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Computational analysis of factors influencing thermal conductivity of nanofluids

Witharana, S, Okeke, G and Antony, SJ Computational analysis of factors influencing thermal conductivity of nanofluids. Journal of Nanoparticle Research. ISSN 1572-896X (In Press)

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Abstract

Numerical investigations are conducted to study the effect of factors such as particle clustering and interfacial layer thickness on thermal conductivity of nanofluids. Based on this, parameters including Kapitza radius and fractal and chemical dimension which have received little attention by previous research are rigorously investigated. The degree of thermal enhancement is analyzed for increasing aggregate size, particle concentration, interfacial thermal resistance, and fractal and chemical dimensions. This analysis is conducted for water-based nanofluids of Alumina (Al2O3), CuO, and Titania (TiO2) nanoparticles where the particle concentrations are varied up to 4 vol%. Results from the numerical work are validated using available experimental data. For the case of aggregate size, particle concentration, and interfacial thermal resistance, the aspect ratio (ratio of radius of gyration of aggregate to radius of primary particle, R g/a) is varied from 2 to 60. It was found that the enhancement decreases with interfacial layer thickness. Also the rate of decrease is more significant after a given aggregate size. For a given interfacial resistance, the enhancement is mostly sensitive to R g/a < 20 indicated by the steep gradients of data plots. Predicted and experimental data for thermal conductivity enhancement are in good agreement. On the influence of fractal and chemical dimensions (d l and d f) of Alumina–water nanofluid, the R g/a was varied from 2 to 8, d l from 1.2 to 1.8, and d f from 1.75 to 2.5. For a given concentration, the enhancement increased with the reduction of d l or d f. It appears a distinctive sensitivity of the enhancement to d f, in particular, in the range 2–2.25, for all values of R g/a. However, the sensitivity of d l was largely depended on the value of R g/a. The information gathered from this study on the sensitivity of thermal conductivity enhancement to aggregate size, particle concentration, interfacial resistance, and fractal and chemical dimensions will be useful in manufacturing highly thermally conductive nanofluids. Further research on the refine cluster evolution dynamics as a function of particle-scale properties is underway.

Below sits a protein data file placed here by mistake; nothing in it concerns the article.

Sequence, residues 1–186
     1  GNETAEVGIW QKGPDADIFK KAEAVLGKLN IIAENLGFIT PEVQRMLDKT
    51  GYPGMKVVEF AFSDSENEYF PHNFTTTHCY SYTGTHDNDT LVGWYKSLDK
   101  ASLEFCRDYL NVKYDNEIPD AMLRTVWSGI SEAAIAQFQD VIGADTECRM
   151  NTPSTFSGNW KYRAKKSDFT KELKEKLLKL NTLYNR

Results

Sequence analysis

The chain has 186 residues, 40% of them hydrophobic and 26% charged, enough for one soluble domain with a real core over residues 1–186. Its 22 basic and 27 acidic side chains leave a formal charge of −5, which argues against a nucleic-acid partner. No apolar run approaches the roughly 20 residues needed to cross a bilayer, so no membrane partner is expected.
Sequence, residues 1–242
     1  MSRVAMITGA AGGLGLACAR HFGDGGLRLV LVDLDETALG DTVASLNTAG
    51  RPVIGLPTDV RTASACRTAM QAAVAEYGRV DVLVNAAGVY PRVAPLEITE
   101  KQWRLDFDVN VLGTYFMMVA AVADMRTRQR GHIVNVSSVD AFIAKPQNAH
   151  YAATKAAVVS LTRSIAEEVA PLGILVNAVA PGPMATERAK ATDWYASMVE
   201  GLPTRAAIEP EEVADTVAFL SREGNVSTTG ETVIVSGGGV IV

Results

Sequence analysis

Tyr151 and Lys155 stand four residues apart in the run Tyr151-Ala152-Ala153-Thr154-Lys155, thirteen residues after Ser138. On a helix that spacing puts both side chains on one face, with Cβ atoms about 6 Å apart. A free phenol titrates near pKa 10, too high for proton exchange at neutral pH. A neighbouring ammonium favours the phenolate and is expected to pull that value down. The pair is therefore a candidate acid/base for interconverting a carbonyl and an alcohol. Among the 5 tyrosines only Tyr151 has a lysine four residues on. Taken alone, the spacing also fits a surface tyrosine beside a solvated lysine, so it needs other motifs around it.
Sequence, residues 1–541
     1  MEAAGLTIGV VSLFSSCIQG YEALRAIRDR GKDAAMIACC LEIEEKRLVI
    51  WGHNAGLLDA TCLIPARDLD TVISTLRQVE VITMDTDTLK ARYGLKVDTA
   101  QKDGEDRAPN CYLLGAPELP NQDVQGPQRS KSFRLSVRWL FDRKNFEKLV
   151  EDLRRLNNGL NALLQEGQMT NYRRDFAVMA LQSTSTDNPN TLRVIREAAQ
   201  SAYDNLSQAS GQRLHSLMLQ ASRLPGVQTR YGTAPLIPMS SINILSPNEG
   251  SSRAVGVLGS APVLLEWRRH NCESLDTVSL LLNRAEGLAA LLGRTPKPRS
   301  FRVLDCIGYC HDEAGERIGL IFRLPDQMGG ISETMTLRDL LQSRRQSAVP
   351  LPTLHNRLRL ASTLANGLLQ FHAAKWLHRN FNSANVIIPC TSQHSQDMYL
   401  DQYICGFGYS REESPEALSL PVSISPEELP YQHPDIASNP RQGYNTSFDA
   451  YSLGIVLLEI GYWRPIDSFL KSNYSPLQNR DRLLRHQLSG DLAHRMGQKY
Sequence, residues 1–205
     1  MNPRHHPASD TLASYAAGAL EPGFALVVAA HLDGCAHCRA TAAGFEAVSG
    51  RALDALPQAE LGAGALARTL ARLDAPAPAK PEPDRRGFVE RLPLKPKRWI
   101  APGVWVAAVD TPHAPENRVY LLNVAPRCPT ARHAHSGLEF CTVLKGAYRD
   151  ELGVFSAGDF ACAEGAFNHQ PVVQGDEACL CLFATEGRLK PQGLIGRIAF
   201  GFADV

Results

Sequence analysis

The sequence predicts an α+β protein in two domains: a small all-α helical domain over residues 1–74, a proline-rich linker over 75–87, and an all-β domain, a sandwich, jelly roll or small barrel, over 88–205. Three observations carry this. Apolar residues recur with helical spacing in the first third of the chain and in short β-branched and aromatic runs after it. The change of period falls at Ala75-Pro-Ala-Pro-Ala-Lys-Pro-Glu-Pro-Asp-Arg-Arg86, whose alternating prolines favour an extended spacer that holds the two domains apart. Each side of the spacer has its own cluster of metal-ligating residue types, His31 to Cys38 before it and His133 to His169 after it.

Item Type: Article
Academic Units: The University of Leeds > Faculty of Engineering (Leeds) > School of Process, Environmental and Materials Engineering (Leeds)
Depositing User: Symplectic Publications
Date Deposited: 12 Sep 2011 12:59
Last Modified: 08 Feb 2013 17:33
Published Version: http://dx.doi.org/10.1007/s11051-011-0389-9
Status: In Press
Publisher: Springer
Identification Number: 10.1007/s11051-011-0389-9
URI: http://eprints.whiterose.ac.uk/id/eprint/43261

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